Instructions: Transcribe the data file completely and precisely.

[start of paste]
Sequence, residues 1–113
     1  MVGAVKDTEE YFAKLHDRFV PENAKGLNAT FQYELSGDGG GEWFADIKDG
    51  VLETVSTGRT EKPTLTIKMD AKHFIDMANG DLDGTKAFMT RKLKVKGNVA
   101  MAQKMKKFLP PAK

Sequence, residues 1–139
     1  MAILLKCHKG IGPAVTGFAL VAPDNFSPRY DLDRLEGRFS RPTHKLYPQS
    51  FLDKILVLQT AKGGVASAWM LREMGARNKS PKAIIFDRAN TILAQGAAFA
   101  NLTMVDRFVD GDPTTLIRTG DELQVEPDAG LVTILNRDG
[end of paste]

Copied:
Sequence, residues 1–113
     1  MVGAVKDTEE YFAKLHDRFV PENAKGLNAT FQYELSGDGG GEWFADIKDG
    51  VLETVSTGRT EKPTLTIKMD AKHFIDMANG DLDGTKAFMT RKLKVKGNVA
   101  MAQKMKKFLP PAK

Sequence, residues 1–139
     1  MAILLKCHKG IGPAVTGFAL VAPDNFSPRY DLDRLEGRFS RPTHKLYPQS
    51  FLDKILVLQT AKGGVASAWM LREMGARNKS PKAIIFDRAN TILAQGAAFA
   101  NLTMVDRFVD GDPTTLIRTG DELQVEPDAG LVTILNRDG